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Chapter 2

BIOL 2010 Chapter Notes - Chapter 2: Reuptake, Parietal Lobe, Fluoxetine


Department
Biology
Course Code
BIOL 2010
Professor
all
Chapter
2

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Chapter 2
THE ROLE OF PARADIGMS
Paradigm- the conceptual framework or approach within which the scientist works. A paradigm is a set of basic
assumptions that outline the particular universe of scientific inquiry
Paradigms specify what problems scientists will investigate and how they will go about the investigation. They
serve the vital function of indicating the rules to be followed
A paradigm injects inevitable biases into the definition and collection of data and may also affect the
interpretation of facts
There are 5 paradigms: biological, psychoanalytical, humanistic and existential, learning and cognitive
Current thinking about abnormal beh tends to be multi faceted and tend to integrate several paradigms
THE BIOLOGICAL PARADIGM
Biological paradigm- a broad theoretical view that holds that mental disorders are caused by some aberrant
somatic process or defect. Its continuous of the somatoegnic hypothesis.
The paradigm has often been referred to as the medical model or disease model
The study of ab beh is linked historically to medicine
For a time the germ theory was the paradigm of medicine but it soon became apparent that this theory could not
account for all diseases. Heart disease is one example. Medical illnesses can differ from one another in causes but
they all share one characteristic: in al of them some bio process is disrupted or not functioning normally. That’s
why its called the bio paradigm
The bio paradigm was the dominant paradigm in Canada and elsewhere from the late 1800s until at least the
middle of the 20th cen
Hall; use of gynaecological procedures to treat “insanity in women from B.C. he maintained that insanity exists
when the Ego is dominated and controlled by the influence from a diseased periphery nerve tract or centre.. the
removal of a small part of the physical disease might result in the restoration of the balance of power to such an
organism and diminish if not remove the ab psychic phenomena. Removal of ovarian cysts or the entire ovaries
was employed as treatment for melancholia, mania and delusions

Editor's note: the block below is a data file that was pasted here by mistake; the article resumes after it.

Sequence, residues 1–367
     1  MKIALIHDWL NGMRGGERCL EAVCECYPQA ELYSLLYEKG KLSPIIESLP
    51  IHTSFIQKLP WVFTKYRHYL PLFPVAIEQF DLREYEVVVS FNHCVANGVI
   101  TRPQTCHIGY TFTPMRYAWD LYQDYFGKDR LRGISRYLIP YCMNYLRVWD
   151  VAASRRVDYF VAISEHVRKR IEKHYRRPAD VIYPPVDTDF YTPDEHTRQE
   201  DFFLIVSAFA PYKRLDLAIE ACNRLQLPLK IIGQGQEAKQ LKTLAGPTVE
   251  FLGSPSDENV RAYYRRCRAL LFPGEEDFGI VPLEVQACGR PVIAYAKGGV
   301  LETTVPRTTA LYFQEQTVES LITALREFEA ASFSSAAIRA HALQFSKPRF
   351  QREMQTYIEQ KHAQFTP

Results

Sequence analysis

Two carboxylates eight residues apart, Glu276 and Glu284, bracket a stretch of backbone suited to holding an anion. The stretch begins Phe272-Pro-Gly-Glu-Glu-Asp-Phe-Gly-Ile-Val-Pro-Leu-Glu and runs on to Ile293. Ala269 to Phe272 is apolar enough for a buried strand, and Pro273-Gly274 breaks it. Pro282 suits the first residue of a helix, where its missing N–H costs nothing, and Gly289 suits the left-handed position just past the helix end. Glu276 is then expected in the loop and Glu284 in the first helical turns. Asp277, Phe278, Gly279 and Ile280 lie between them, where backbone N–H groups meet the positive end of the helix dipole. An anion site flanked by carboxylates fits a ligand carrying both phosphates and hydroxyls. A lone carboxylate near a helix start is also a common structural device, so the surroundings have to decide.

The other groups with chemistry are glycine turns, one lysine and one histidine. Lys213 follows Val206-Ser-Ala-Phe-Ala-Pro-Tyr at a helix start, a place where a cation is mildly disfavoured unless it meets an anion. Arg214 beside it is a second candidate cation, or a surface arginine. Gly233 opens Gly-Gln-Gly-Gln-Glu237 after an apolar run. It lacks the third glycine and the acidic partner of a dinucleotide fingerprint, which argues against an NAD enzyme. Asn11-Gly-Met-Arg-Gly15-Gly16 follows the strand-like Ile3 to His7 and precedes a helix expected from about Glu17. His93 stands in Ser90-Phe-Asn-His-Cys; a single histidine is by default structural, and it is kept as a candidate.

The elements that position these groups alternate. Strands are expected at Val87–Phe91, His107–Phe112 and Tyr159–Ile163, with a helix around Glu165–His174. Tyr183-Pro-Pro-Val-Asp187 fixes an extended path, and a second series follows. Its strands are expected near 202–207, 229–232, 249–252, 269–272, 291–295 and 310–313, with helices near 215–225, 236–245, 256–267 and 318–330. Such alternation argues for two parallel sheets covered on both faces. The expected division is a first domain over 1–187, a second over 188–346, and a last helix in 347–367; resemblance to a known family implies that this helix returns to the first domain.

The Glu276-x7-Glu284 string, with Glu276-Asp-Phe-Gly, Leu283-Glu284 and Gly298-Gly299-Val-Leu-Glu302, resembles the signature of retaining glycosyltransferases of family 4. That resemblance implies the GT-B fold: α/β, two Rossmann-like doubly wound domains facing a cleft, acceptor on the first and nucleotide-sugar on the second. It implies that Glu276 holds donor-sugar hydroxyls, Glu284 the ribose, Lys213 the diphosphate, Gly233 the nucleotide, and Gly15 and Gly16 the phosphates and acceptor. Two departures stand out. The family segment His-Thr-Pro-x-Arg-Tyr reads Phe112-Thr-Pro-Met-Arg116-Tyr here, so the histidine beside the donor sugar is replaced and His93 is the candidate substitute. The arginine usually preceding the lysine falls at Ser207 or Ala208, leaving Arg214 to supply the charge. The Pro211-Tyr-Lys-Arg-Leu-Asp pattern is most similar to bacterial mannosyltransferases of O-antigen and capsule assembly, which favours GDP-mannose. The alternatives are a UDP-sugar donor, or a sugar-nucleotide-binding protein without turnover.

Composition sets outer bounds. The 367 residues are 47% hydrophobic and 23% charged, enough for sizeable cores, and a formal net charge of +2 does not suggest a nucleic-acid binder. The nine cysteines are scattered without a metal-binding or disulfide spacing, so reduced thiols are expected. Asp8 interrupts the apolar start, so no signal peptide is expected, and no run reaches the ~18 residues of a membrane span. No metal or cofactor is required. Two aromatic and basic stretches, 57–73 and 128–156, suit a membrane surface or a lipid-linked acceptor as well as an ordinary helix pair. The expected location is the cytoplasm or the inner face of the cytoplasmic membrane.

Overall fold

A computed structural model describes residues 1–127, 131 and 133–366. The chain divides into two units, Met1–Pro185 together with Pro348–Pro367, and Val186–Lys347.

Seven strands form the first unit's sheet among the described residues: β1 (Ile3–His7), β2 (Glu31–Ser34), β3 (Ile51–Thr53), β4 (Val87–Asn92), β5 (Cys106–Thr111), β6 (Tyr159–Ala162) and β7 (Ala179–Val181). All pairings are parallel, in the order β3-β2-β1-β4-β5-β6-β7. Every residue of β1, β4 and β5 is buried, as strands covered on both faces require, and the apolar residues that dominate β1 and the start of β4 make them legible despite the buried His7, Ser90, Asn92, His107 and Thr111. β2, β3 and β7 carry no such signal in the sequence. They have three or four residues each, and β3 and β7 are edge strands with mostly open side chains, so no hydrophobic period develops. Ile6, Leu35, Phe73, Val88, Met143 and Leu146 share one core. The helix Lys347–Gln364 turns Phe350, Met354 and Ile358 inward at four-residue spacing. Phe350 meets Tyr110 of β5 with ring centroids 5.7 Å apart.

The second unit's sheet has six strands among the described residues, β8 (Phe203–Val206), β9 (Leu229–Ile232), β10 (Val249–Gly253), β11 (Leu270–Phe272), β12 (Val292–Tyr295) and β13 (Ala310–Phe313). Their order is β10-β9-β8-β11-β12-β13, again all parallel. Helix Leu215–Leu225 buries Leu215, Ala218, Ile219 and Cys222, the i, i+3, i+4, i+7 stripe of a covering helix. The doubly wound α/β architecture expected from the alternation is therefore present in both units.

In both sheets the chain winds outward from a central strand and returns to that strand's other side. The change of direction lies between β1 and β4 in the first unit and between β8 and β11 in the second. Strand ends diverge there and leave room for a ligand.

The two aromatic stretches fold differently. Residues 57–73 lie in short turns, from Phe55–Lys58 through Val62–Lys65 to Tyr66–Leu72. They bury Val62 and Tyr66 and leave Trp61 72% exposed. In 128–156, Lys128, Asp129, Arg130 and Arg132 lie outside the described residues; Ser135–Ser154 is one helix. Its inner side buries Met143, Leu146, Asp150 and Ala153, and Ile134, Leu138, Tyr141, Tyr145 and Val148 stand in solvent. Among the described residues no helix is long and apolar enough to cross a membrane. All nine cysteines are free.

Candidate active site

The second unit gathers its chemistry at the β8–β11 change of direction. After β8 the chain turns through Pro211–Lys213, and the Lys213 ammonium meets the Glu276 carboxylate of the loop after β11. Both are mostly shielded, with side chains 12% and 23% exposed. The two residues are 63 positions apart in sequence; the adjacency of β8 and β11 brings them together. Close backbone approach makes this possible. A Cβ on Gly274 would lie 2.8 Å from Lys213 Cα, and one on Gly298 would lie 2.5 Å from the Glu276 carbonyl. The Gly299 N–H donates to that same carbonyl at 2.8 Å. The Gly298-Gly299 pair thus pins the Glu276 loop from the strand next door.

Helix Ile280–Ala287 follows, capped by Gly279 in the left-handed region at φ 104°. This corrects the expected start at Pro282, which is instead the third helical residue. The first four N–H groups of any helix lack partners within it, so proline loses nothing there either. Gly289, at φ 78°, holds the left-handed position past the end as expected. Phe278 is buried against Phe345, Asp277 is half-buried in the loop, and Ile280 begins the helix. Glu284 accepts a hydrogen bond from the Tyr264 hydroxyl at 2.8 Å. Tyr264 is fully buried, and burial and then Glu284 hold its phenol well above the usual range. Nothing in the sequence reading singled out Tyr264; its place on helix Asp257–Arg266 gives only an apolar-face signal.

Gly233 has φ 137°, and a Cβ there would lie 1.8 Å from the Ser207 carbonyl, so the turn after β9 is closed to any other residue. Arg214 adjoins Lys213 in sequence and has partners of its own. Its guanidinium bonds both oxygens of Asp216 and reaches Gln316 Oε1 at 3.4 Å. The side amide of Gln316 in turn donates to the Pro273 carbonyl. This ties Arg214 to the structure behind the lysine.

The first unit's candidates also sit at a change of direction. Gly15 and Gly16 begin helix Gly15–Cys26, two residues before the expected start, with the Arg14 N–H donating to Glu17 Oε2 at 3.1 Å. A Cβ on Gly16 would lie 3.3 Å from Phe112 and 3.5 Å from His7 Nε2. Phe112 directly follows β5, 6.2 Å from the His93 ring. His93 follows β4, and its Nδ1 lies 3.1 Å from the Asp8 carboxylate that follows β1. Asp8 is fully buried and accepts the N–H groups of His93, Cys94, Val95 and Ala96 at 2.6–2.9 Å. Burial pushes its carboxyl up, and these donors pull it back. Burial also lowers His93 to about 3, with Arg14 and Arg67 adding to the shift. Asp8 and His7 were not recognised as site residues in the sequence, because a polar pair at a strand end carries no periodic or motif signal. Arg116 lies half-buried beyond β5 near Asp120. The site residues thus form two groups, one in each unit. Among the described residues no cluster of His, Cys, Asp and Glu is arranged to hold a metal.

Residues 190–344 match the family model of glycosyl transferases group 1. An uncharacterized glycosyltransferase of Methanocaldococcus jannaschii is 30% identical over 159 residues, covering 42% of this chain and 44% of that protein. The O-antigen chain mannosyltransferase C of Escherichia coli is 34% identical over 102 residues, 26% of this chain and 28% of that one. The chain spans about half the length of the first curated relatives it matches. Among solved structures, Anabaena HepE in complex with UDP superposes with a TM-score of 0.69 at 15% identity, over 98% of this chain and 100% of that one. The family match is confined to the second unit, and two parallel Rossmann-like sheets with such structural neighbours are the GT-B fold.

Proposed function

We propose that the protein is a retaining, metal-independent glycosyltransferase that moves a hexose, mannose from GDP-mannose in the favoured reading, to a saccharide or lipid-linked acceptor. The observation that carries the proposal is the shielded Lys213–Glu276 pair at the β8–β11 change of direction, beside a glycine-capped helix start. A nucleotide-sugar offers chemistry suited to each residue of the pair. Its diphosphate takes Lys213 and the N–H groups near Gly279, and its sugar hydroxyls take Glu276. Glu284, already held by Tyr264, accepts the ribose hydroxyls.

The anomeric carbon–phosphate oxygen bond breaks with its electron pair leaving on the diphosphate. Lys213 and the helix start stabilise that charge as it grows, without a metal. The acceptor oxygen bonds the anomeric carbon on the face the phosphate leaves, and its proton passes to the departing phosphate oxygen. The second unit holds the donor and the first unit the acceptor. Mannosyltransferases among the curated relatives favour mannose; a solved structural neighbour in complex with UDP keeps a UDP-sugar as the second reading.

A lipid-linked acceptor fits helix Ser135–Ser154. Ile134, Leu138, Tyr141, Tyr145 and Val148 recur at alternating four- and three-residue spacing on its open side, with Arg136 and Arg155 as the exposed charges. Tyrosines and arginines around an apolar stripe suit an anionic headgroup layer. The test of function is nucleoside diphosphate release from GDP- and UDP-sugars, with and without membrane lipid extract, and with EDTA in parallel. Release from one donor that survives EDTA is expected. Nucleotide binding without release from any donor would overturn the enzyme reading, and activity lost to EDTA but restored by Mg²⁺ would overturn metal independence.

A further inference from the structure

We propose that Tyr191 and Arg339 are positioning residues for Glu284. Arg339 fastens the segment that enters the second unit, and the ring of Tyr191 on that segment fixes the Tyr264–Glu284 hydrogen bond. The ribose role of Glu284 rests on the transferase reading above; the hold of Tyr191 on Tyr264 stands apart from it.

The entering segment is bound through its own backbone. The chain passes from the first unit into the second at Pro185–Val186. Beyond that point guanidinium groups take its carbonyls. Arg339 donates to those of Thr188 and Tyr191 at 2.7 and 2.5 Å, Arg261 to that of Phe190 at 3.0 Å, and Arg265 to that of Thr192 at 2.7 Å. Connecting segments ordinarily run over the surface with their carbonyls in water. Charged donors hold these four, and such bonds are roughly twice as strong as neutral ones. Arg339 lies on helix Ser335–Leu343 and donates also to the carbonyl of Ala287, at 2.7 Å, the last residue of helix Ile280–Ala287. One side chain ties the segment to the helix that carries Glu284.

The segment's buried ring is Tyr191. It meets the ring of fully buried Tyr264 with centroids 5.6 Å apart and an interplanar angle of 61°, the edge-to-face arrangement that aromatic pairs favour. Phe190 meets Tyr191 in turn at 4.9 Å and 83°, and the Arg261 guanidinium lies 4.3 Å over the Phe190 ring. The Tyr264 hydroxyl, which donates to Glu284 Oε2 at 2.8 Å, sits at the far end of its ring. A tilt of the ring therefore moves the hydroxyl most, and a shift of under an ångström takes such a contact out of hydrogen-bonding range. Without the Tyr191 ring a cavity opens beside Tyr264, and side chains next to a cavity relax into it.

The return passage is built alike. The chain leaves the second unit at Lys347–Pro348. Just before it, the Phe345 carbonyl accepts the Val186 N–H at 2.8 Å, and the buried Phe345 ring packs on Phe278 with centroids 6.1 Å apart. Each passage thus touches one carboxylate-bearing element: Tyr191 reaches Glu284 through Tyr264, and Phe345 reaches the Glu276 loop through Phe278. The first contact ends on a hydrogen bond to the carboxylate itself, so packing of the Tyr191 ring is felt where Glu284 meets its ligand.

Contemporary approaches to the biological paradigm
Hereditary probably predisposes a person to have increased risk of developing schizto, depression may result
from chemical imbalances within the brain, anxiety disorders may stem from a defect within the automatic NS
that causes a person to be too easily aroused and dementia can be traced to impairments in structures of the brain
In each case the psychopathology is viewed as caused by the disturbance of some bio process
Behaviour Genetics
When the ovum, female reproductive cell is joined by the male’s spermatozoon, a zygote or fertilized egg is
produced.
It has 46 chromosomes, the # of characteristics of a human being
Each chromosome is made up of thousands of genes, the carriers of the genetic information (DNA) passed from
parents to child
Gene- an ultramicroscopic area of the chromosome; the gene is the smallest physical unit of the DNA molecule
that carries a piece of hereditary information
Behavioural genetics is the study of individual differences in beh that are attributable in part to differentiate in
genetic makeup. It studies the degree to which characteristics such as psychical resemblance or psychopathology
are shared by family members cuz of shared genes
The total genetic makeup of an individual consisting of inherited genes is referred to as the genotype
Genotype- an indiv unobservable genetic constitution; the totality of genes possessed by an indib
Phenotype- the totality of the persons observable, beh characterises such as the level of anxiety.
The genotype is fixed at birth but it should not be viewed as a static entity
The phenotype changes over time and is viewed as the product of an interaction between the genotype and the
environment
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